In 2015, my colleague Elyce Winters spoke with Eliezer Rabinovici, whom you also mentioned in your talk. He spoke of three things critical for SESAME’s success: that science is a common language; that SESAME has top science; and that the members participate on an equal basis. Would you like to comment on the various difficulties — political, financial, even inclement weather — that the project encountered, which you mentioned in your presentation?

I was President of the SESAME Council for 8.5 years. You would expect some difficulties over a period like that. But the really remarkable thing is how few there have been and that we’ve managed to get around them and surmount them. When the political situation in the Middle East was particularly bad a few years ago, someone asked whether we should give up. My reaction was that the worse the situation, the more we need SESAME, as it shows that people of goodwill can work together to achieve common ends across some of the deepest divides on the planet, in the most dire of circumstances.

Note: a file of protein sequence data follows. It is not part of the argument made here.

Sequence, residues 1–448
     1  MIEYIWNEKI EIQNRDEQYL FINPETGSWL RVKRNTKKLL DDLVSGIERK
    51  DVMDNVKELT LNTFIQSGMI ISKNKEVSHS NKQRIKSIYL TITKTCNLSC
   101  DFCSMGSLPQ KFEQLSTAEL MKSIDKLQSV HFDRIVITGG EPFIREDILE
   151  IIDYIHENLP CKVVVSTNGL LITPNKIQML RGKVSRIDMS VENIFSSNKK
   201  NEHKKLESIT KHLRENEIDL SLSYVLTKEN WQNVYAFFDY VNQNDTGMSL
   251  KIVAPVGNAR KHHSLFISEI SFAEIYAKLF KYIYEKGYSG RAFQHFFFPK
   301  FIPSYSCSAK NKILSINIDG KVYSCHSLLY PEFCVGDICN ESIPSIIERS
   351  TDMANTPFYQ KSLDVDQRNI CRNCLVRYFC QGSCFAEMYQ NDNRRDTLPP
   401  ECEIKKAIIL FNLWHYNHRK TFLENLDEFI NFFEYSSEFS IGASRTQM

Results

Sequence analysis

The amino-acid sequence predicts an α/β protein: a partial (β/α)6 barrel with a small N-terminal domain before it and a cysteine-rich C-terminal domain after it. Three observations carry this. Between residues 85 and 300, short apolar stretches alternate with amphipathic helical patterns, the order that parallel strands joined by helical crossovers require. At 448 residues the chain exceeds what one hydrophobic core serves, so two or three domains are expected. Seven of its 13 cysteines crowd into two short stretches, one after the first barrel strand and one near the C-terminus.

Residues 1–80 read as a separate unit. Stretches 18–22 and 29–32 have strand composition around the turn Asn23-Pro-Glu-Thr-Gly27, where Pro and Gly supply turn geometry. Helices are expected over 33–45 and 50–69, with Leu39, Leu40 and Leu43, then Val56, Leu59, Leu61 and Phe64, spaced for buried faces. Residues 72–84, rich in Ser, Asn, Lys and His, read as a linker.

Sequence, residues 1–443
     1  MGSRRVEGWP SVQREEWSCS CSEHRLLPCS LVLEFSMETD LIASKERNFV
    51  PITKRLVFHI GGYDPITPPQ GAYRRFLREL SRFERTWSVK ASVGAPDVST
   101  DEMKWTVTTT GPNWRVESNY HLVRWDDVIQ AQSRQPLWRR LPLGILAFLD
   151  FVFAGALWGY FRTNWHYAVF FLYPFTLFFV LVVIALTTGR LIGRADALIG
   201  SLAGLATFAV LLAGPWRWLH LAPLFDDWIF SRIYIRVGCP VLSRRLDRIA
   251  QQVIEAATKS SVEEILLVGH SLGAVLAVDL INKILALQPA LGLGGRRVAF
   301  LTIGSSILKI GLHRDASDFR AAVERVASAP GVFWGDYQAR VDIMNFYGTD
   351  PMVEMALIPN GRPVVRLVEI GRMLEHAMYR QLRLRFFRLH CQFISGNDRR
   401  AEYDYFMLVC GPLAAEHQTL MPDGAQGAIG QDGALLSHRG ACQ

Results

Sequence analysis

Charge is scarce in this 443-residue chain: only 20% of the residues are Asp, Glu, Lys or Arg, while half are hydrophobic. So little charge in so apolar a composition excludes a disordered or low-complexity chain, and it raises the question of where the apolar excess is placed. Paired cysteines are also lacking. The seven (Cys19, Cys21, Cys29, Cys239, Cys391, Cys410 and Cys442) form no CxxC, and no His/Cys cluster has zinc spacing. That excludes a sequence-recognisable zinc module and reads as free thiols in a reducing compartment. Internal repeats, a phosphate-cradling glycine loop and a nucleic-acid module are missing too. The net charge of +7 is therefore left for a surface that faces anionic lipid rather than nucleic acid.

If we could go back to ITER – it is obviously not the project for someone who likes instant results. How do you deal with such a timeline?

That’s a very interesting question. I was surprised that nobody asked me about the prospects for fusion after my talks here. Let me deal with that unasked question first. Ten years ago, I would have replied that I’m reasonably confident that we will be able to make a fusion power plant, although we need ITER to be sure, and the real question is can we make one that’s reliable and competitive? The question of reliability will remain unanswered until we try, although operation of ITER will provide clues. I used to think there was a reasonably good chance that fusion could compete with other low carbon sources of power, but, while I would not say that it’s impossible, the situation has changed. The cost of wind and solar power has decreased faster than anyone could have dreamt. Meanwhile ITER has gone way over budget, partly because of the way that the project was set up and because it’s the first of a kind, but probably also because fusion reactors will be intrinsically more expensive that we thought a decade ago. I think we need to finish ITER and establish once and for all whether fusion really is a viable option. We will then have to reassess the likely cost of fusion power in the light of the experience gained with ITER and in comparison with the cost of alternatives before deciding whether to go ahead and build a real fusion power station.